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We had been told that this is a hippie town which naturally intrigued us. We camped just outside of Rifle and then made it to Glenwood Springs yesterday morning. After exploring a bit we zeroed in on this town’s claim to fame, the therapeutic hot springs, where we spent the better part of the afternoon alternating between soaking in the hot mineral pool and the cooler lap pool.

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The whole place smelled like sulphur and was crowded with busloads of school kids, but none of that mattered to our aching muscles, which were glad for the rest and to relax in the heat.

We topped the evening off with Mexican food and margaritas at the restaurant across the street from our digs, the Starlight Motel.

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Naturally, Kelly spoke Spanish with all the employees who seemed delighted to converse in their native tongue with someone who appears to be just another gringa.

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This morning we packed up and washed our clothes and discovered that Mi had managed to misplace a crucial piece of equipment: gloves. Fortunately one of the many bike shops in town was having a sale so replacements were found at a fraction of the cost. After spending the requisite amount of time scouring the bike shop we were starving so we made the Sacred Grounds coffee shop our next destination. We have spent the afternoon here utilizing the computer (hurray for not having to update on a smart phone!), chatting with various interested parties, and sipping smoothies. Next, we are headed to the grocery store to stock up for the next few days of riding through the wilderness.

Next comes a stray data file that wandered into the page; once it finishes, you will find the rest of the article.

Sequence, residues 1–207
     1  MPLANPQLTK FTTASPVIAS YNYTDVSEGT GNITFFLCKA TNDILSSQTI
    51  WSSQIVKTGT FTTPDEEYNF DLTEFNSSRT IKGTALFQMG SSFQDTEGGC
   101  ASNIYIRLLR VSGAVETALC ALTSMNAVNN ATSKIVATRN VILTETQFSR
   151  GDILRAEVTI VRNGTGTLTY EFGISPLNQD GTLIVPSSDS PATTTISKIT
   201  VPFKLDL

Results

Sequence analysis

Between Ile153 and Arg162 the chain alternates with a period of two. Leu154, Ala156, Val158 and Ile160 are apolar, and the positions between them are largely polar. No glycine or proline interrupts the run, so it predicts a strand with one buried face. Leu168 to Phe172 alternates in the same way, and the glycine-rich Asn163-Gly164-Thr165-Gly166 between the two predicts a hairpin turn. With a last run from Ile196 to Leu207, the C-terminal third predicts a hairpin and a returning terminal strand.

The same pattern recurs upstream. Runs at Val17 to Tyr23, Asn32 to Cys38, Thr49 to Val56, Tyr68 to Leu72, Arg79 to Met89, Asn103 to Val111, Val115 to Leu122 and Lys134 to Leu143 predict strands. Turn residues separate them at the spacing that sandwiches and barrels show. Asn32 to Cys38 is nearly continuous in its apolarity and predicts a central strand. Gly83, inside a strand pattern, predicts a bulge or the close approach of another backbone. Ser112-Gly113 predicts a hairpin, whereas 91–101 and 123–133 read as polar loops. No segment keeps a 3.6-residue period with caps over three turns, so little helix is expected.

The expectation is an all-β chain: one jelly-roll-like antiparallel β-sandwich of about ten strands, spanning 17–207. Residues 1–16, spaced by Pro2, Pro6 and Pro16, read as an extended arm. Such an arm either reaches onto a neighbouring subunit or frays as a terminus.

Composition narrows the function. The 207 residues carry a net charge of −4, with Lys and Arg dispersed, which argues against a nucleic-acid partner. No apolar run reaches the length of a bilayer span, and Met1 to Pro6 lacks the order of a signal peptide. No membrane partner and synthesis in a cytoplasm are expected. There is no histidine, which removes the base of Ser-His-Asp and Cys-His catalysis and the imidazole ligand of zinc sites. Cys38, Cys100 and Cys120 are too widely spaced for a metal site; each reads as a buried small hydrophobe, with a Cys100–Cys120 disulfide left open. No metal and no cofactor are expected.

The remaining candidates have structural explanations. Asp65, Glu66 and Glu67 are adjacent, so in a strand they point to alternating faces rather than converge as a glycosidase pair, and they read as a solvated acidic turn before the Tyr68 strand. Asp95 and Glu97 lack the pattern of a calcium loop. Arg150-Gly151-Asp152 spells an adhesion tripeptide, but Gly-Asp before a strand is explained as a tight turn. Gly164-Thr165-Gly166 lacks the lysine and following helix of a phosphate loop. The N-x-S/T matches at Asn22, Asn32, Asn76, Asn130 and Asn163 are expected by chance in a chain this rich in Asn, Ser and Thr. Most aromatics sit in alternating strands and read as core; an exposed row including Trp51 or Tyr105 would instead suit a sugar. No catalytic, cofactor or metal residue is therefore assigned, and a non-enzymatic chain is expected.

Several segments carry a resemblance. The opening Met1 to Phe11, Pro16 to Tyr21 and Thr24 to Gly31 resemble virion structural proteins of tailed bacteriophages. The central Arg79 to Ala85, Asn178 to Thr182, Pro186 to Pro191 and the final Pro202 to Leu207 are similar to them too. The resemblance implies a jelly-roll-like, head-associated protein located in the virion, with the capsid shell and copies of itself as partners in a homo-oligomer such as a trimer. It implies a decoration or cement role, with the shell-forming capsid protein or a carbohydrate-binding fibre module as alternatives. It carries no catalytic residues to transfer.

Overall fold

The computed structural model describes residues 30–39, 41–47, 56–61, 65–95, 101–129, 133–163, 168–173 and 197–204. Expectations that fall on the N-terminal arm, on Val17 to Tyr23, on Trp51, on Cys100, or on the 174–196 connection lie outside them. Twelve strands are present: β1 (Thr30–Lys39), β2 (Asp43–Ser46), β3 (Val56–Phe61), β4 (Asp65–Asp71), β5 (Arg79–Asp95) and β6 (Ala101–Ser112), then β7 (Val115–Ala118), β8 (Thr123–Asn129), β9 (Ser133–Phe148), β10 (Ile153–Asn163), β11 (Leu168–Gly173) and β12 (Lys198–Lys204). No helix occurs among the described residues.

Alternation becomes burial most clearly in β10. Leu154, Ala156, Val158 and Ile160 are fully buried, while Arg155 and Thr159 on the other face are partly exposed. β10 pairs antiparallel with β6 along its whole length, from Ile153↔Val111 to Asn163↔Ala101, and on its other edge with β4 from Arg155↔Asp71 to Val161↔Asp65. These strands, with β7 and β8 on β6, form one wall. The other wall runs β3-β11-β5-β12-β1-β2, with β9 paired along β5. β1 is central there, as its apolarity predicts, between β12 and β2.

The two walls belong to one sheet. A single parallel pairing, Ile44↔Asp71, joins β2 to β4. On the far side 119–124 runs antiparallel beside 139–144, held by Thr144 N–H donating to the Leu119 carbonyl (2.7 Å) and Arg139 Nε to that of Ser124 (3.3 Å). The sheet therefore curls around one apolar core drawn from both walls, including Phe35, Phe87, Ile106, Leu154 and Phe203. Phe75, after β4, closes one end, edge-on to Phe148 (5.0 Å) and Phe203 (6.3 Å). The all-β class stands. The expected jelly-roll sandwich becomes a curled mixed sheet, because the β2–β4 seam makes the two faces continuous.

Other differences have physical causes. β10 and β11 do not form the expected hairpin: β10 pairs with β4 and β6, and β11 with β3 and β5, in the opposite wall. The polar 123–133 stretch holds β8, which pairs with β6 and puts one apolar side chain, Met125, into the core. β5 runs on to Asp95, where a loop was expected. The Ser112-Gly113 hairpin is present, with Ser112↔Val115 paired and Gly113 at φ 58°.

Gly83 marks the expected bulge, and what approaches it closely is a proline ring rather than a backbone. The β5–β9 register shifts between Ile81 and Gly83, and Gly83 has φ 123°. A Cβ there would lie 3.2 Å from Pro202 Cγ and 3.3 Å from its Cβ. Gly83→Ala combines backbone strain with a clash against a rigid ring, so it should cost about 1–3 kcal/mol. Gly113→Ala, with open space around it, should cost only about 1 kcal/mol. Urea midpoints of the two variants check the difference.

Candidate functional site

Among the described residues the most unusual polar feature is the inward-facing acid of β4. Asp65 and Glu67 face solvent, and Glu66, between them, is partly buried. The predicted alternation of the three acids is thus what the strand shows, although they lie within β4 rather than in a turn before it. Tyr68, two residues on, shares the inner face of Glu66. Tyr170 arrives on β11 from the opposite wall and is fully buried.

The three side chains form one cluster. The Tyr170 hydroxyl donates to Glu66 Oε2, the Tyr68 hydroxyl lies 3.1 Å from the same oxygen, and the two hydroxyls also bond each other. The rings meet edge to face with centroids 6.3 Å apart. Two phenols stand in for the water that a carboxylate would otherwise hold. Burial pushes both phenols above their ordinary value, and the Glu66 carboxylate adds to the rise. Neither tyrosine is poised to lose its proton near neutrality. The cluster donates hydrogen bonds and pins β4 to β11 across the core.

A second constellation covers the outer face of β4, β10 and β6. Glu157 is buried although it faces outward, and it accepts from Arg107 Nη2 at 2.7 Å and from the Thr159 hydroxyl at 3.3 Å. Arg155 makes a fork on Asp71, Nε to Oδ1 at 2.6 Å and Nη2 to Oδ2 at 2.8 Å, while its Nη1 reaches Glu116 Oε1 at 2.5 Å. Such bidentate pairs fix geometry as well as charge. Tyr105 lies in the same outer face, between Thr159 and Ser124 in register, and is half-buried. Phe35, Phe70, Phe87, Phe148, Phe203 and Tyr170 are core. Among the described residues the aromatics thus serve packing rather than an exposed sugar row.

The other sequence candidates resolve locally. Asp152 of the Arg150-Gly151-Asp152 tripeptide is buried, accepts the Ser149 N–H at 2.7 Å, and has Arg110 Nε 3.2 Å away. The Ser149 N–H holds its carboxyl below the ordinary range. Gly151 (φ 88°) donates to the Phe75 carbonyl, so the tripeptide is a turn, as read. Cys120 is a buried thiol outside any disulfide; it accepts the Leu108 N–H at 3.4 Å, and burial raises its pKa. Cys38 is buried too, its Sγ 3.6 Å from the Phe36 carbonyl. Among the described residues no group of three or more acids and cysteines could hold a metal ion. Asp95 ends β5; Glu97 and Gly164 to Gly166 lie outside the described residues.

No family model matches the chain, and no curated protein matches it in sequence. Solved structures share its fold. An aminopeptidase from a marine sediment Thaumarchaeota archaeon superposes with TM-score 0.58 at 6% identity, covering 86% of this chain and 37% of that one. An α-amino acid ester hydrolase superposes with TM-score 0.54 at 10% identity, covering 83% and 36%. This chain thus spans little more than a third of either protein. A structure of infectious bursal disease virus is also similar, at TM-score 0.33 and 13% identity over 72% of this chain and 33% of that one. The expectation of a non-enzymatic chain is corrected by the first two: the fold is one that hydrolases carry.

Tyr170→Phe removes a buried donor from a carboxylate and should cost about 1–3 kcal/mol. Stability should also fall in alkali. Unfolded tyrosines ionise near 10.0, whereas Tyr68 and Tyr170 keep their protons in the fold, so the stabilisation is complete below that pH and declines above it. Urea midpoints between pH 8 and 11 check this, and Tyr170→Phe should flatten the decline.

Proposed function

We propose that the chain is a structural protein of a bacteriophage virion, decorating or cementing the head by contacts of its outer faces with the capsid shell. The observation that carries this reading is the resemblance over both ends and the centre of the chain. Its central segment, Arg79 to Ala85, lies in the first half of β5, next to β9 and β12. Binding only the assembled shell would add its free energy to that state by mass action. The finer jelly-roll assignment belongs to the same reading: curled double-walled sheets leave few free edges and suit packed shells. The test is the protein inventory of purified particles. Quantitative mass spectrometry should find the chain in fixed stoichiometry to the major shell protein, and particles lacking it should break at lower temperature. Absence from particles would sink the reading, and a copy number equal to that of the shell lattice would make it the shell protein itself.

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We are about to head out of town on a bike path that parallels the I-70 for 16 miles before heading north on Colorado River Road. This route will take us to Kremmling, CO where we will be able to start using the Adventure Cycling map again.

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Our next major destination is Rawlins, WY, where we will pick up a package of essential seeds and spices that Kelly’s friend T put together for us, and Kelly’s dad Brian mailed to us (Thank you!). We have never been to Wyoming, and are not sure what to expect but we are assured we will love it, despite being a little wary of spending time in bear country. But don’t worry, we have a rope to hang our food from a distant tree and our tent is free of food particles (thanks to Kelly’s insistence that Oreos are not to be consumed inside).

The sun appears to be coming out again so we are going to hit the road while the going is good. The forecast predicts a 30% chance of rain for the afternoon so we are glad to have shelled out for the waterproof bags.

As always, thanks for staying tuned, for donating to Action Against Hunger, and for sending all your good wishes. Peace!

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6 responses to “Covering Colorado

  1. For some reason when I read this one it brought tears of joy to my eyes. My pride in you guys and your dedication and remembering that it’s a journey and not a destination gets me all verklempt!I love you!

  2. Hi you two superheroes! finally got a chance to follow your blog- it’s awesome! looking forward to helping you enjoy wyoming! gimme a shout when you get close or whenever… so i can plan some time for cool stuff. Keep the wheels rolling and no more flats. Best wishes for upcoming miles… ciao, casey

  3. What an adventure! I look forward to every update and find myself more and more amazed by all the interesting people you are meeting and how much living you are packing into every moment. Love to you both!
    I couldn’t be more proud.